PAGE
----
There are two main parties to this controversy. One of them is represented by the Iranian regime, as it is the main representative of Shiite political Islam, which is based on the Vilayat-e-Faqih doctrine coined by Khomeini when he sought to spread this weak theory among the Shiite sect.
Through this doctrine he managed to stage a coup against the Shah, thus it became a theory that enabled him and his movement to gain power in an oil rich country. This movement is facing another movement which is much larger and is the traditional Shiite movement which rejects involvement in politics and which supports the modern nation state and stability and that opposes terrorism and chaos.
Iraq’s Sayyid Ali al-Sistani is one of the main representatives of this orientation in Iraq, which supports the Sairoon Alliance made up of Shiite political Islam movements and secular movements and which have the interest of Iraq in common.
The Shiite political Islam based on the theory of Khomeini’s Vilayat-e-Faqih adopted two strategies to promote its mission of “exporting the revolution”. The first one was to engage in direct war with Iraq, wherein Iran had to drink the poison at the end as Khomeini famously said back then.
The second strategy is to establish and organize militias inside Arab countries. Thus, they have benefited from the Lebanese Hezbollah and appointed it to other roles in and outside Lebanon.
Khomeini supported the Houthi militia and other militias inside Iraq especially after 2003, most of which were gathered under the popular mobilization. This is in addition to making strong alliances with brutal minorities such as the ruling Alawite minority in Syria, along with benefiting from Sunni Islamist groups, such as the Muslim Brotherhood, al-Qaeda or ISIS.
Iran losing ground
This deep disagreement is an ideological one. Its clear manifestation in Iraq, and in Basra in particular where most of Iran’s supporters are, indicate the severity of this disagreement and shows the extent of its influence, along with other factors, on Iraq’s present and future.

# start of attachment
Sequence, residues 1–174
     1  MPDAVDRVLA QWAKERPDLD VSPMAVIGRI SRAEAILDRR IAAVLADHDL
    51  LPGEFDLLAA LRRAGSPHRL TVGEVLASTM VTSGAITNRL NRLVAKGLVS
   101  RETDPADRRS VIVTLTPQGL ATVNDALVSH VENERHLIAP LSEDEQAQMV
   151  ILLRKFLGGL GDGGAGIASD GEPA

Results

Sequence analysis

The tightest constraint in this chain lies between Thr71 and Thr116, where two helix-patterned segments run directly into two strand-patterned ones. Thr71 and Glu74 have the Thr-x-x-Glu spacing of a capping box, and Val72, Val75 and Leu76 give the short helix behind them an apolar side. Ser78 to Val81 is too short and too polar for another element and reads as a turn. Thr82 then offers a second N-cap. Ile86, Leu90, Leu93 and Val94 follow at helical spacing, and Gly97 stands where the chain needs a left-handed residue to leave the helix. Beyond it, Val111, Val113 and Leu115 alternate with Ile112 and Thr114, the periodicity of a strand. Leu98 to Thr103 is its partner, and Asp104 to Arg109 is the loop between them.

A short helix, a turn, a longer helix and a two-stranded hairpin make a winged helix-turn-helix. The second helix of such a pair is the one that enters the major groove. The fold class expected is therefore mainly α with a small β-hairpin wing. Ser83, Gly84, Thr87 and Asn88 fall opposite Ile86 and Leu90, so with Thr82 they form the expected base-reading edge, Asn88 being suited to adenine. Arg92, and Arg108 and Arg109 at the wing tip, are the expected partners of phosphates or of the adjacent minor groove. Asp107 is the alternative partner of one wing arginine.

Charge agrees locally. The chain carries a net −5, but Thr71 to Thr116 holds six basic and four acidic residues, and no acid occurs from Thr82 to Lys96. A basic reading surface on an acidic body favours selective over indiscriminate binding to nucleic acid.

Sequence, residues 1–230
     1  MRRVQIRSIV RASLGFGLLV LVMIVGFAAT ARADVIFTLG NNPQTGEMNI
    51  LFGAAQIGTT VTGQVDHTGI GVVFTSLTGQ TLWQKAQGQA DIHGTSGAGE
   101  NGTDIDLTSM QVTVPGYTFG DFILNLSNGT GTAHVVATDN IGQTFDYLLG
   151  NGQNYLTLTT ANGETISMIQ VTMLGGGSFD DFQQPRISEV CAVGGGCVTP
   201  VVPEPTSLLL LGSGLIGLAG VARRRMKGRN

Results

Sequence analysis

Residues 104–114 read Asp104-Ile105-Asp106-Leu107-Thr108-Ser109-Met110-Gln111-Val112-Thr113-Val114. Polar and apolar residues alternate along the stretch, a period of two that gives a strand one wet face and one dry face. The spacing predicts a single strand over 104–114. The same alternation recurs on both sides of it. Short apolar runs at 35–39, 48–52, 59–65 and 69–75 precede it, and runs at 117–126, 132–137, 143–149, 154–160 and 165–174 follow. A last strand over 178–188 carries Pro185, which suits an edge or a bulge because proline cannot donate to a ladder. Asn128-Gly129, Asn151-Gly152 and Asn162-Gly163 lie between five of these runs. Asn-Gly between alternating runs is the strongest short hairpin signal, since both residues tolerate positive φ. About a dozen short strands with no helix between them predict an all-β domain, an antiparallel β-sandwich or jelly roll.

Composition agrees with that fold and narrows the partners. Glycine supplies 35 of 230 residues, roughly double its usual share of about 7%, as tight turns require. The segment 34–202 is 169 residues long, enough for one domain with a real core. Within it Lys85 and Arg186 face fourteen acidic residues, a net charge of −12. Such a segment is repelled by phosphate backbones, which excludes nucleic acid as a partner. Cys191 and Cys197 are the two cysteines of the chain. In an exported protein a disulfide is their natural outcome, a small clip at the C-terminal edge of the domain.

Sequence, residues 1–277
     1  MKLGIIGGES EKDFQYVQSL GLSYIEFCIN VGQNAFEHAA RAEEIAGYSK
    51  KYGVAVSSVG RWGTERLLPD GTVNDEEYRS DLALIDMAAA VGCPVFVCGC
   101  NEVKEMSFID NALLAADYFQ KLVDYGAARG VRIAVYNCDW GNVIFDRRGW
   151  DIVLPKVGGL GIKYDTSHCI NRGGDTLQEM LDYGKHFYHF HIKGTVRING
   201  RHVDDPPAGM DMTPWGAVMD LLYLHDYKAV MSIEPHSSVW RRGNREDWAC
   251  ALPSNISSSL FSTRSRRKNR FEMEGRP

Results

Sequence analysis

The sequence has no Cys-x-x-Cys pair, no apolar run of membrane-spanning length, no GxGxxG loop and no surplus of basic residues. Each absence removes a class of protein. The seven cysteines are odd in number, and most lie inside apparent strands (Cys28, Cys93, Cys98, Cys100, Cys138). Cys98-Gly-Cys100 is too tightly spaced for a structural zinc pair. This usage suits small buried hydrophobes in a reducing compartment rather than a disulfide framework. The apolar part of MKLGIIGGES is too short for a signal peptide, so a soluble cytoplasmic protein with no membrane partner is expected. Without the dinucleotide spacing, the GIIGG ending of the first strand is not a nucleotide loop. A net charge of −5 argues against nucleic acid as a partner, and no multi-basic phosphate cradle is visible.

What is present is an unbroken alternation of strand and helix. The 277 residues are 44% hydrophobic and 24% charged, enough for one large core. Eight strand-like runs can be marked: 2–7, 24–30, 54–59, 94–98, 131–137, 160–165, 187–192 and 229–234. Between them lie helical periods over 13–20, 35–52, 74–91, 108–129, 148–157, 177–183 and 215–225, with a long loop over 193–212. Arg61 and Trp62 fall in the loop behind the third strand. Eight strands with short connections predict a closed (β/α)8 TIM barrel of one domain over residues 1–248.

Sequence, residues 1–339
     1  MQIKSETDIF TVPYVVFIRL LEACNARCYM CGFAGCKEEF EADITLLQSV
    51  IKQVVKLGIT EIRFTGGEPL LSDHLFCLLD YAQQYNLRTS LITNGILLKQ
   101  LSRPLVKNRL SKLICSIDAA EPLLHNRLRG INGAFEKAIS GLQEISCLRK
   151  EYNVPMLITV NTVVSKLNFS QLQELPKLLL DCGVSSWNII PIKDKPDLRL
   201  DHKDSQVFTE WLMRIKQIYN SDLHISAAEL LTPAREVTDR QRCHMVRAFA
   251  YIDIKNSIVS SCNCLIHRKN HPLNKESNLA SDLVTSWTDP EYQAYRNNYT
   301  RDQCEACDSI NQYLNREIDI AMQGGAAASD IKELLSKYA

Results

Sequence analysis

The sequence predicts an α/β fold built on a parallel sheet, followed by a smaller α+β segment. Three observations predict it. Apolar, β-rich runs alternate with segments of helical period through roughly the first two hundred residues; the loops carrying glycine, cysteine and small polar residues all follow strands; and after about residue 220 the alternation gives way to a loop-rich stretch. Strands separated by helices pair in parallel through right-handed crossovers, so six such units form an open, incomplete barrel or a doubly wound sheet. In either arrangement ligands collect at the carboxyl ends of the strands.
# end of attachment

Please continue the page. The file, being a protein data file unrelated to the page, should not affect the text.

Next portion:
Differentiating between the representatives of each movement facilitates knowing who is responsible for peaceful demonstrations and who is responsible for violence. The peace experts excel in peace while experts in killing, destruction and criminal behavior excel in their domain.
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Internationally, the Iranian regime is losing on most fronts. Confronting a country like the US and its power is not easy. When it comes to Trump’s powerful administration and its firm resolve to confront the Iranian regime, slogans and fundamentalist alliances with the Muslim Brotherhood, Qatar and Turkey are worthless and are closer to the hangman's knot that exerts unprecedented pressure on the regime. Ideological regimes become fiercer before falling and collapsing.
The national Iraqi movement has more presence in Iraq now and it has become more capable of facing movements with a pro-Iranian orientation. It has become more powerful while Iranian followers in Iraq have become weaker.
The US, Gulf and Arab support of an independent Iraq with complete sovereignty over its entire territory has greatly changed the scene in Iraq in recent years in favor of the Iraqi state and its people.
In the end, countries that support the states’ stability in the region win against states that support chaos and destruction. Reality is the best witness to that.
This article is also available in Arabic.
Abdullah bin Bijad al-Otaibi is a Saudi writer and researcher. He is a member of the board of advisors at Al-Mesbar Studies and Research Center. He tweets under @abdullahbjad.